Manitoba

'It's like being a ghost:' Former Manitoban shares life in hiding from abusive ex-partner

A former Manitoban had to uproot her life and change her identity when she was put into witness protection to hide from her former abusive partner. Now she's sharing her story — and her poetry — to let people know she still exists.

Woman put into witness protection uses poetry to heal from domestic violence

Scarlet says living in witness protection means watching the world go by, from your window. (Jaison Empson/CBC)

Hiding now is nothing like what Scarlet experienced playing hide-and-seek as a kid.

"I'm not hiding from a friend or a playmate or somebody who wants to tickle me or call me silly names," Scarlet said. 

"I'm hiding from somebody who wants to end my life."

Scarlet, whose identity CBC is protecting, lived in Manitoba years ago before she went into witness protection to hide from her former abusive partner.

Now she writes poetry about her experience with domestic violence, the justice system and the loneliness of living in hiding.

What it feels like to be a ghost

Scarlet was relocated elsewhere in North America, received a new name and started a new life, away from family and friends.

"I was lifted out of my home. I don't get to see and hug and smell my [family]," Scarlet said.

"It's almost like I can't breathe when I think how far away I am from them, how I can't participate in everyday things."

Being in hiding means Scarlet can't take photos and post them online, or disclose certain pieces of information with people in her new life. 

Left to swell with rainbow skin / My voice unable to engage / The disguise removed, / I SEE him now.- Lines from Scarlet's poem "Rainbow Skin"

"I have to be very secretive, which means I can never have an honest relationship ever again," she said.

"It's like being a ghost in real life…I can see everybody, but they're not allowed to see me." 

When Scarlet first went into hiding, she completely changed her appearance in order to disguise her identity. She changed her hairstyle, glasses, clothes and even her nail polish colours. She wore hats, scarves, gloves and zipped up jackets.

Scarlet describes her life in witness protection in this dramatic re-enactment:

'A life with meaning and purpose'

3 years ago
Duration 3:40
Scarlet narrates a dramatization of her experience living in witness protection.

Every outing was a major event. She constantly looked over her shoulder. 

"I had to do like a three-take on myself in a mirror before I'd even open that door to go outside," she recalled. 

Once she was outside, she would walk around her car to make sure her ex hadn't broken into it, and to be sure he wasn't waiting in her back seat. 

When she drove, she constantly stared into her rear-view mirror. She always hurried to her next destination.

Scarlet says that life in hiding can make one a shut-in. (Jaison Empson/CBC)

"There were so many triggers out there that I basically lived as a shut-in for probably about the first I'd say 15, 16 months of my new life," she said.

"I still think about all those things."

Scarlet said she lives with post-traumatic stress disorder, anxiety and depression. 

Failed system 

Scarlet feels like the justice system failed her.

The accused faced a number of charges, but as a result of a plea bargain, the assault charge was stayed. 

Scarlet was put into witness protection. 

"My mission in life is to abolish backdoor deals from the justice system," said Scarlet.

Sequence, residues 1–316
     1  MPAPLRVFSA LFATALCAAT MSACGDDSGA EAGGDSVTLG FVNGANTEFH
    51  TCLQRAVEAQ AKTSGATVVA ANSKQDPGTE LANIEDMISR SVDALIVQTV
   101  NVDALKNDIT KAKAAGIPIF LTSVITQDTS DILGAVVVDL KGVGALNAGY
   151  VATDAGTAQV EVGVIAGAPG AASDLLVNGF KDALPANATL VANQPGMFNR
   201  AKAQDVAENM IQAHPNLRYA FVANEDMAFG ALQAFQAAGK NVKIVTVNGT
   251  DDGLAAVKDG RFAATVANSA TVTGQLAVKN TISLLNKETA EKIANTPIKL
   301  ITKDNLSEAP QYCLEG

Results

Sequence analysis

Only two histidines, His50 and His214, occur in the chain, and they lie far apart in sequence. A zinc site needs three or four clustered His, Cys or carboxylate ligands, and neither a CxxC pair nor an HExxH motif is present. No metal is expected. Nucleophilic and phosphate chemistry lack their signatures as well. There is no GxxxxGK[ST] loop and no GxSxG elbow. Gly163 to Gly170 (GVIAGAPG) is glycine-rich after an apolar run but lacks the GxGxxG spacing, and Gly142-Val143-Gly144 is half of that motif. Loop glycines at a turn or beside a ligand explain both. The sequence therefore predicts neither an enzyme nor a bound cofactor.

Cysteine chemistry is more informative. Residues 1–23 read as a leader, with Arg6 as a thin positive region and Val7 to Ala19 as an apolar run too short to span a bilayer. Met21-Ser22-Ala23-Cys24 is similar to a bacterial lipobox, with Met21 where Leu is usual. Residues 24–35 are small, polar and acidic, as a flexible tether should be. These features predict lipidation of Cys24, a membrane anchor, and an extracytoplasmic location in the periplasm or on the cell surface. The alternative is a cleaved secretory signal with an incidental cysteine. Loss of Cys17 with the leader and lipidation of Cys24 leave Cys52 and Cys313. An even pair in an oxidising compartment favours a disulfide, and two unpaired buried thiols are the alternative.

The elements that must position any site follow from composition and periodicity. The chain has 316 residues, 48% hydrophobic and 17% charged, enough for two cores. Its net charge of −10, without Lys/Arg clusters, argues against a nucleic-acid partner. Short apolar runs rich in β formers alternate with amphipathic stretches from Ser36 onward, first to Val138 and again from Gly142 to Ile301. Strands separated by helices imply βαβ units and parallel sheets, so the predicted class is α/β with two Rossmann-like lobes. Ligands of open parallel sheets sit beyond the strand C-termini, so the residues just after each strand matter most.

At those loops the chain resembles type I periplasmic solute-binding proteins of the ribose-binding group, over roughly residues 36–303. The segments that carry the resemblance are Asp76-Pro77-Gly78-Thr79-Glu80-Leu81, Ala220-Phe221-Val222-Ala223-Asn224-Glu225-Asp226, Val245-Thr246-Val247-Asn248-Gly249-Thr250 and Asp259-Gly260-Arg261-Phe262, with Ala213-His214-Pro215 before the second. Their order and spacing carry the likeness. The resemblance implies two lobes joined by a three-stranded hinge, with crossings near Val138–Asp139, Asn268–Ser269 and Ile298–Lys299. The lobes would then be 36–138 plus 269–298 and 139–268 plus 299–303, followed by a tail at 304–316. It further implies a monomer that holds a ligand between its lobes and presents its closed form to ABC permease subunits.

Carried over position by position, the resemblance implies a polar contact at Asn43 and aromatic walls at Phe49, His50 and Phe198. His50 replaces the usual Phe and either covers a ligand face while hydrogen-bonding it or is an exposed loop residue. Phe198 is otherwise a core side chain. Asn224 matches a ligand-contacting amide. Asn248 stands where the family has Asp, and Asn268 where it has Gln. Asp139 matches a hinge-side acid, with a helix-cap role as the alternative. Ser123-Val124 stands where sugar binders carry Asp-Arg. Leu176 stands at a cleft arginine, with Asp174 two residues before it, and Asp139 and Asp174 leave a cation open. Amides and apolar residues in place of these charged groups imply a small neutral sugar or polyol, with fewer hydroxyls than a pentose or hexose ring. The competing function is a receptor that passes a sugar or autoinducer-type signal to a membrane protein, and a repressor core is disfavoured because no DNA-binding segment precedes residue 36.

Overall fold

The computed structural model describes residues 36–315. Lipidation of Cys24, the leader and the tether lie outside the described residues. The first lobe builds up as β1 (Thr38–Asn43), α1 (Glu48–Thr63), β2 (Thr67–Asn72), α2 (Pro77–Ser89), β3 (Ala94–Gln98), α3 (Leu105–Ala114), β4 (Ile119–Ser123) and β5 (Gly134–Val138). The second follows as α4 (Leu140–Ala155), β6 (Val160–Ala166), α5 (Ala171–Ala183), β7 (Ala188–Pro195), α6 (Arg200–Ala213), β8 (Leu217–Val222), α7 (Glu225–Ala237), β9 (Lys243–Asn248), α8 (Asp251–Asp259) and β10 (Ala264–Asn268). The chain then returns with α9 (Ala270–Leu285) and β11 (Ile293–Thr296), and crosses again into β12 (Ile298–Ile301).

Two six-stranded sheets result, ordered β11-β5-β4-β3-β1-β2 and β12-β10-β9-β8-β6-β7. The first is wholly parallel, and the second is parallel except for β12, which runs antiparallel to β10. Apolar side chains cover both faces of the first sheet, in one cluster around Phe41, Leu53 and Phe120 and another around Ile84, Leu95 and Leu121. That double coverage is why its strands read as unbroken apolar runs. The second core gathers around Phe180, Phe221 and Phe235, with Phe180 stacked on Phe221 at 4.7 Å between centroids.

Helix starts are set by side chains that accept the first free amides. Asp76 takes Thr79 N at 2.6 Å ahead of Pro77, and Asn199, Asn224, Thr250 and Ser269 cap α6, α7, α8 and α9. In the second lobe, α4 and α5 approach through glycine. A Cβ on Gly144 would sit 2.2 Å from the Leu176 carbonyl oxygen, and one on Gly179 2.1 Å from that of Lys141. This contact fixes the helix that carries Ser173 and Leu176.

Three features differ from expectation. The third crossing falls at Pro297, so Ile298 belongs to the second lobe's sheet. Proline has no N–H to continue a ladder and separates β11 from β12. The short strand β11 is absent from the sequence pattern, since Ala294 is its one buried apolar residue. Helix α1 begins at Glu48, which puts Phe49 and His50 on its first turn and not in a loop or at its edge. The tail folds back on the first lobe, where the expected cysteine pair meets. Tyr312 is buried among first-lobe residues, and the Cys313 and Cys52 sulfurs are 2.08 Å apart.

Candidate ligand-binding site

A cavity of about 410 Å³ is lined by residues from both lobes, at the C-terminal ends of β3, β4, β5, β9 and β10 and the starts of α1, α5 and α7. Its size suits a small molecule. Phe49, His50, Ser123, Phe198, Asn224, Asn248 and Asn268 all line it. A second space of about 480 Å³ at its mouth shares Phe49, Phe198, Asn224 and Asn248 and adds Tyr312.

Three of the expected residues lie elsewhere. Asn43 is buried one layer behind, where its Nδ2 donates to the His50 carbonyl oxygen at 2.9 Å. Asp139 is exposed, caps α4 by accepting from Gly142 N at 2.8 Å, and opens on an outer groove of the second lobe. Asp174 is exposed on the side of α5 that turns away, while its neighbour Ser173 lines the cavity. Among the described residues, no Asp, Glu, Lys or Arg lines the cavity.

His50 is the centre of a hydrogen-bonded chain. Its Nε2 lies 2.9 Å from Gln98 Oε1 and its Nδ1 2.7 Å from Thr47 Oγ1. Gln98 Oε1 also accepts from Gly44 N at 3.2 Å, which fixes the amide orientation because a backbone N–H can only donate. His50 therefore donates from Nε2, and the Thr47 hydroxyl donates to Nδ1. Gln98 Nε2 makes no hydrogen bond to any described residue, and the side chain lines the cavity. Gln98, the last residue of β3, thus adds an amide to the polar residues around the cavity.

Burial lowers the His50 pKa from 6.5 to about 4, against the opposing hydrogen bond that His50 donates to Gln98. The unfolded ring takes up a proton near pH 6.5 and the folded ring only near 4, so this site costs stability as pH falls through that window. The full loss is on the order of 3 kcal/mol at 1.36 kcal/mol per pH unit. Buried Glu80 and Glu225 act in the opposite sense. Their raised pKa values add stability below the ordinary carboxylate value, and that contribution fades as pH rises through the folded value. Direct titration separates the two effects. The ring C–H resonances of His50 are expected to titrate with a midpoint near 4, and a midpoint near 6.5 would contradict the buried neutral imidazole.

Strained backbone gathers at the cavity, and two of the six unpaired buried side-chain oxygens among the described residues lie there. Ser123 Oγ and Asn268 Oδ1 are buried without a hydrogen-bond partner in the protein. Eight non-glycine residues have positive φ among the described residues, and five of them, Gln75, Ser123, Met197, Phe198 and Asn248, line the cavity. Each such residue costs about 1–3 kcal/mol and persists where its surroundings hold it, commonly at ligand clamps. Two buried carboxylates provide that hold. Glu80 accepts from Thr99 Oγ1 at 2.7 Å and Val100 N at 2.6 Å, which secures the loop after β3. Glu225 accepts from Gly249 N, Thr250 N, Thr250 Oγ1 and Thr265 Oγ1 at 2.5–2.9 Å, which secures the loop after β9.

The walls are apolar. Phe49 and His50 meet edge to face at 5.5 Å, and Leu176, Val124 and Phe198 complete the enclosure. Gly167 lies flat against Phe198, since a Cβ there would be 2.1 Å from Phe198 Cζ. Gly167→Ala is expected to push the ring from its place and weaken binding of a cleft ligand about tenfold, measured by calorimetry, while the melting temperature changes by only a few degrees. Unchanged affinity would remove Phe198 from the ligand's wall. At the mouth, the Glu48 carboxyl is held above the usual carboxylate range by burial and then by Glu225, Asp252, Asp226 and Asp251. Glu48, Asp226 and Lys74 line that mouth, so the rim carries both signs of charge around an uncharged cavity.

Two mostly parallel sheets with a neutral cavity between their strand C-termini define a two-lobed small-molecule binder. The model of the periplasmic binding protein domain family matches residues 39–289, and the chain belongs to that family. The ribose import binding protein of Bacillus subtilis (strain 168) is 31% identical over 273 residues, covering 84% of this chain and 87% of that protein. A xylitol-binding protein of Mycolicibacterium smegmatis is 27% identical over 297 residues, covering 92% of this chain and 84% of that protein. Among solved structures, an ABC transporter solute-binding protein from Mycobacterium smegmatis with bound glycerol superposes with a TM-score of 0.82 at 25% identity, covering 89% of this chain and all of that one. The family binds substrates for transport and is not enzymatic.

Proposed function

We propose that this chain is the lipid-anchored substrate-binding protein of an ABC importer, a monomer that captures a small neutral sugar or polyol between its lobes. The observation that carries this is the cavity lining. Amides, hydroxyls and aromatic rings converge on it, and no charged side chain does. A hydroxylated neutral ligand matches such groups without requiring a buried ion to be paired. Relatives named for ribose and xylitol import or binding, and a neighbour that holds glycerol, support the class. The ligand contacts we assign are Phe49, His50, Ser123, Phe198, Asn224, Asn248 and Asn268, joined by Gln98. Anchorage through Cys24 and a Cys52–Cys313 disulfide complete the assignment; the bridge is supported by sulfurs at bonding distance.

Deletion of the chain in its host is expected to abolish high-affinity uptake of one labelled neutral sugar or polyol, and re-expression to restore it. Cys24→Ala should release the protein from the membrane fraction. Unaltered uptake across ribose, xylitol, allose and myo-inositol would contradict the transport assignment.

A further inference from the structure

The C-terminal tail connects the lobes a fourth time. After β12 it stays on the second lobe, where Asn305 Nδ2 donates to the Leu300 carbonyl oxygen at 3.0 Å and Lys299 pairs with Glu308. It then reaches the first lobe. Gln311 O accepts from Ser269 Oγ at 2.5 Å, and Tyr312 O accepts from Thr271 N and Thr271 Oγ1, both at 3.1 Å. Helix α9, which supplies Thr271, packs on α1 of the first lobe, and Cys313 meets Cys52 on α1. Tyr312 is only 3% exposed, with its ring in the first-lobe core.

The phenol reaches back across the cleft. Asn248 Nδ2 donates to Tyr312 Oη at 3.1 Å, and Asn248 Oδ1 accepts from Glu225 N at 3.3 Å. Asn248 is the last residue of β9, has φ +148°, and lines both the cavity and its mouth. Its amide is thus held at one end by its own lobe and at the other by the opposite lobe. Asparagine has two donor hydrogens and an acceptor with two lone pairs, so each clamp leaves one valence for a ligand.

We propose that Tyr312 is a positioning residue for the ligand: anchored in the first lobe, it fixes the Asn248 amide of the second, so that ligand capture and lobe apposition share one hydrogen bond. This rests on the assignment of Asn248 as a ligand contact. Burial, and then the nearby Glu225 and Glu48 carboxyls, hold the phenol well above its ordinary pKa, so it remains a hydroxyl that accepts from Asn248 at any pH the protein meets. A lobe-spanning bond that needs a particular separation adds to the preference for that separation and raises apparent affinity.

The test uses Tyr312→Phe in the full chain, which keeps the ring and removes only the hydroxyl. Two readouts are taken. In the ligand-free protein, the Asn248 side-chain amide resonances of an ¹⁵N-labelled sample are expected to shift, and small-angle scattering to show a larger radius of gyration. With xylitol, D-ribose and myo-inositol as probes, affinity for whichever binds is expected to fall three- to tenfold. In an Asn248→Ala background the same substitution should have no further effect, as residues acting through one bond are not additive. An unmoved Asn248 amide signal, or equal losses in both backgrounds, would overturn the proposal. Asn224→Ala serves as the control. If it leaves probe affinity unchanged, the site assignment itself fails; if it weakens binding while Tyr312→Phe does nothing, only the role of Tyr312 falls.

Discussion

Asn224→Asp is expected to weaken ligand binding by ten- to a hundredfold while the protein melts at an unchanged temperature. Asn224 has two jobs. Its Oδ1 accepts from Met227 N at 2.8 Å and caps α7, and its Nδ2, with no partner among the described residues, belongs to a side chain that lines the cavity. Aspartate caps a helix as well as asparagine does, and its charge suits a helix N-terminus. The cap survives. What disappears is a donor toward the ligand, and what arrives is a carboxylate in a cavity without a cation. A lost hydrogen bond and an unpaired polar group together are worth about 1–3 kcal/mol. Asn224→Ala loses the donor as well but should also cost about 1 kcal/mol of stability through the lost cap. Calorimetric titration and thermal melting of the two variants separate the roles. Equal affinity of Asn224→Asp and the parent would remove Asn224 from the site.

"His prints in red, yellow, green and black / Still Not enough / It makes him laugh / Case closed."- Lines from Scarlet's poem "911"

Elizabete Halprin has worked with other abused women who, like Scarlet, felt the justice system didn't support them.

Halprin is the community development coordinator in social work with NorWest Co-op Community Health in Winnipeg. 

"I feel it's really unfortunate in Scarlet's situation," she said.

Halprin works within family violence programming, which provides services for women who are leaving, want to leave or have left an abusive relationship.

"There has to be more education within different fields of work — such as the justice system, such as police force — all those other key points that women come in contact with around domestic violence and the effects of it," Halprin said.

"Although things have come a long way over the years, there still is quite a bit that needs to be done."

Writing poetry is Scarlet's anonymous outlet of expression. (Jaison Empson/CBC)

Healing with poetry

Scarlet uses poetry as an outlet to share her story and help her heal.

She wrote her first poem in 2014 after realizing she still loved her ex. 

"How horrible is that? To love somebody that wants to kill you?" she said. "You can't just shut off your feelings. So I needed to do something."

"Grasping for a new tomorrow / Waking up to the same day / These my nightmares, / of just one day.- Lines from Scarlet's poem "Just A Day"

Scarlet's mentor suggested she write poetry. She hasn't stopped writing since. 

"He's taken much too much from me already. So I have to empower myself and I have to empower others, to know that there is a light at the end of the tunnel," Scarlet said.

"Although that tunnel is very long, very dark, very dreary."

The poems also help give her a voice.

"Although I can't put my name to them, I can at least let the world know that underneath this victim of horrid assault, injustice and rape, there can still be a soft, kind soul."Scarlet is in the process of having her poetry published. It's another step, she hopes, to powerfully — though anonymously — take charge of her life.

ABOUT THE AUTHOR

Danelle Cloutier

Associate Producer/Technician

Danelle Cloutier is an associate producer and audio technician in current affairs at CBC Manitoba. She has a background in audio engineering and journalism.

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